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Last Updated: Tuesday, 30 November 2004, 14:29 GMT
Cerebellar ataxia
The condition is named after the cerebellum in the brain
A man has gone to the High Court to ask permission to take his wife, who is suffering from cerebellar ataxia, to Switzerland, so that doctors there can help her end her life.

What is cerebellar ataxia?

It is an umbrella term for disorders of the nervous system which cause unsteadiness and a lack of co-ordination.

Its name comes from the word cerebellum, the part of the brain that controls balance and co-ordination.

There are genetic forms of the disease. In addition, some cerebellar ataxias can be caused by brain injury, viral infections or tumours.

However, in some cases it is not known what causes the condition.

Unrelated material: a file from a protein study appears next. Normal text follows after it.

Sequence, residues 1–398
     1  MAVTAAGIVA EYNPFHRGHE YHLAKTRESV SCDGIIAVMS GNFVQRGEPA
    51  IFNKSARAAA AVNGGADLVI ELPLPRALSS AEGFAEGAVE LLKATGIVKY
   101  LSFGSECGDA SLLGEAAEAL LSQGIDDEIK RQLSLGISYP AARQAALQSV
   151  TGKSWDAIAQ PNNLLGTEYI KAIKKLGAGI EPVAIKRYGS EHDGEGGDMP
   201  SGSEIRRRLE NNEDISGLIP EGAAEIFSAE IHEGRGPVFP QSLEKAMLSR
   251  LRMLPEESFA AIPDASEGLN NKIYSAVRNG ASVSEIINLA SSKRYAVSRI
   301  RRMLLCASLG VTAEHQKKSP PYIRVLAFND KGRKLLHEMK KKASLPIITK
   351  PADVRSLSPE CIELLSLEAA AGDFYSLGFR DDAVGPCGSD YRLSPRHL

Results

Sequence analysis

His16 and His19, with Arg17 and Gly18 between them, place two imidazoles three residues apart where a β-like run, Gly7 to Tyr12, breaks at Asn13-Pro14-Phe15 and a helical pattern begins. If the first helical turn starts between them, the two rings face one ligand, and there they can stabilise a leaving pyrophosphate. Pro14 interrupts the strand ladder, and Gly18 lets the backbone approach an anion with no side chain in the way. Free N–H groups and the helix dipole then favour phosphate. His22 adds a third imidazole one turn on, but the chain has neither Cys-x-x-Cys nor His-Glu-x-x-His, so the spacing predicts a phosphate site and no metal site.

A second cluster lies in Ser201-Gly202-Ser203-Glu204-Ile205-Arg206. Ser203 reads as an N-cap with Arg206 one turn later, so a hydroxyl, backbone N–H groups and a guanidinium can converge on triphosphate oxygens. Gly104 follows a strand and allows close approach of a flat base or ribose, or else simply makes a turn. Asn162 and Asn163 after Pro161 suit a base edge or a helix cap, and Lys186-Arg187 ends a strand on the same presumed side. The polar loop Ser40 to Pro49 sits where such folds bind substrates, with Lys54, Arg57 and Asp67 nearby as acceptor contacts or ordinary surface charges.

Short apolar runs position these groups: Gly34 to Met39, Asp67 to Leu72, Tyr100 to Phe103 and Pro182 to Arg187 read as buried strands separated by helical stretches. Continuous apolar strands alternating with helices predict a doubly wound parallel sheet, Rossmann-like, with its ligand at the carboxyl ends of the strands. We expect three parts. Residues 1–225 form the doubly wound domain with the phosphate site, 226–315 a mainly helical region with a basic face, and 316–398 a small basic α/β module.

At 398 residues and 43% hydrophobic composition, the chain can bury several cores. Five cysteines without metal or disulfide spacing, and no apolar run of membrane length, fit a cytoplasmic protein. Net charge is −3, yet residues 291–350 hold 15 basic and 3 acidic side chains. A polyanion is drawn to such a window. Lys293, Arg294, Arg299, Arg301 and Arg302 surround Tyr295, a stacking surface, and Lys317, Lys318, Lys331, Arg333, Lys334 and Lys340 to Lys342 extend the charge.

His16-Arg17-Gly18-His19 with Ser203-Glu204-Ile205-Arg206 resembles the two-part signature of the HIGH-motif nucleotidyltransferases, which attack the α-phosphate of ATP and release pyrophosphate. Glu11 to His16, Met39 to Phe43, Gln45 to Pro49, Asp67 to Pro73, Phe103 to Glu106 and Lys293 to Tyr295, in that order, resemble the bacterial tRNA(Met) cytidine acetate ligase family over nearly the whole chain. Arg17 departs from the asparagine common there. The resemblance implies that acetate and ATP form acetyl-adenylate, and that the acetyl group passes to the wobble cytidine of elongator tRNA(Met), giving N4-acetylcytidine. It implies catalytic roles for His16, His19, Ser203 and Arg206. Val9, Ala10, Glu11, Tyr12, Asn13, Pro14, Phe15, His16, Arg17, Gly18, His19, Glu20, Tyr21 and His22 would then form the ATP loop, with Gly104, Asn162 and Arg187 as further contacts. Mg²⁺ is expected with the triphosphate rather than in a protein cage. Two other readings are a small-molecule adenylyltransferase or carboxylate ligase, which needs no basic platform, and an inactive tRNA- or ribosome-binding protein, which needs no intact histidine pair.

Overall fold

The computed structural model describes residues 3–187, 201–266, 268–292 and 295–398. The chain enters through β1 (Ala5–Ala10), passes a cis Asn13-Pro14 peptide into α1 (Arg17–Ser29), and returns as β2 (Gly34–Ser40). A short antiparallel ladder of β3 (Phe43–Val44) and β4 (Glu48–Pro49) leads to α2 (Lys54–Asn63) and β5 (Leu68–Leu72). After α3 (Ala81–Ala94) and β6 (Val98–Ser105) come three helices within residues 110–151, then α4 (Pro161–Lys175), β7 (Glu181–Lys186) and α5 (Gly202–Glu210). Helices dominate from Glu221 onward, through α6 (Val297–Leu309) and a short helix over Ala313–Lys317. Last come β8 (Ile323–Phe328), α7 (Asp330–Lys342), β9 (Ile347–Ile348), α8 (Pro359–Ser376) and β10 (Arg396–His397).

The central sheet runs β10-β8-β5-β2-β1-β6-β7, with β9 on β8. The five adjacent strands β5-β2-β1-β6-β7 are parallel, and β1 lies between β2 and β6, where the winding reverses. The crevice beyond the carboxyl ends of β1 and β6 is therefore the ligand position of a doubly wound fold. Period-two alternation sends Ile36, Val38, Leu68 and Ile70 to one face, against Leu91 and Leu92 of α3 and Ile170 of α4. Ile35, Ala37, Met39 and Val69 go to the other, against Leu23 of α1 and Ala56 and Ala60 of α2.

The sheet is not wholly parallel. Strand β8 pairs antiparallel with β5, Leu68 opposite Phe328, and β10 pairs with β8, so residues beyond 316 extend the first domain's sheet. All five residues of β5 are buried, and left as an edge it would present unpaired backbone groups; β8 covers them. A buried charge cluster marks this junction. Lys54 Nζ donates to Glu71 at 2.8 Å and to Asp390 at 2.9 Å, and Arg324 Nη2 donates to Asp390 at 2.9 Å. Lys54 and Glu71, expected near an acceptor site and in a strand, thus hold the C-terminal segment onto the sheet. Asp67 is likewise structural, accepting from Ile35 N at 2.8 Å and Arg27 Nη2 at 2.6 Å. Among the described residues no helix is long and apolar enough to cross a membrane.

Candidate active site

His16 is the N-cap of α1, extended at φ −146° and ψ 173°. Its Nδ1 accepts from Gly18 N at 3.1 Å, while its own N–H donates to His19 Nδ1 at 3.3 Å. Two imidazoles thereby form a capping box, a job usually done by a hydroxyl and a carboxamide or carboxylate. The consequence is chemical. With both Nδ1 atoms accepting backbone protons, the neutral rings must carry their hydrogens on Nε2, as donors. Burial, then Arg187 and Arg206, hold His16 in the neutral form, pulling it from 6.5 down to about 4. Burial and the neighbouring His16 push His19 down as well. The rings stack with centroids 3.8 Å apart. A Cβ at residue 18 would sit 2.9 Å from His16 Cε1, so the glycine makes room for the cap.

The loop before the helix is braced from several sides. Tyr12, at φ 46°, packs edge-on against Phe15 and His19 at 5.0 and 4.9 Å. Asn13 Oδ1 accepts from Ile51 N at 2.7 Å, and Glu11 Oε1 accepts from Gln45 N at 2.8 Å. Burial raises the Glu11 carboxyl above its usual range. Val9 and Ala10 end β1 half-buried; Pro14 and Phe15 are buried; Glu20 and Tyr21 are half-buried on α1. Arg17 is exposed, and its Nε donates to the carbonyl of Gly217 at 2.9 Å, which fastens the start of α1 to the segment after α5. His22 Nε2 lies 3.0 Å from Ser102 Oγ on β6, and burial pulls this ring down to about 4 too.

It is a progressive disorder. And, while it is not fatal in itself, it can place unbearable stress upon the heart.

Cerebellar ataxia can develop at any age.

It is a very rare disorder, with the group Ataxia UK estimating that only a few thousand people are affected in this country.

What are the symptoms?

Most forms of the disease are progressive. But the speed with which they progress differs between individuals.

However, the disease normally develops very slowly, and it can take years for a person's condition to change.

Walking can become increasingly difficult, and it may eventually become necessary to use a wheelchair.

People with the condition can become incontinent.

Other symptoms can include difficulties with swallowing and slurred speech.

Sight and hearing can be affected. In rare cases, they can be lost altogether.

However, intellectual faculties are not affected.

What treatments are available?

There is currently no cure for people with cerebellar ataxia.

However, there are medications available to relieve tremors and muscle spasms.

People whose eye movements are affected can be assisted with botox injections.


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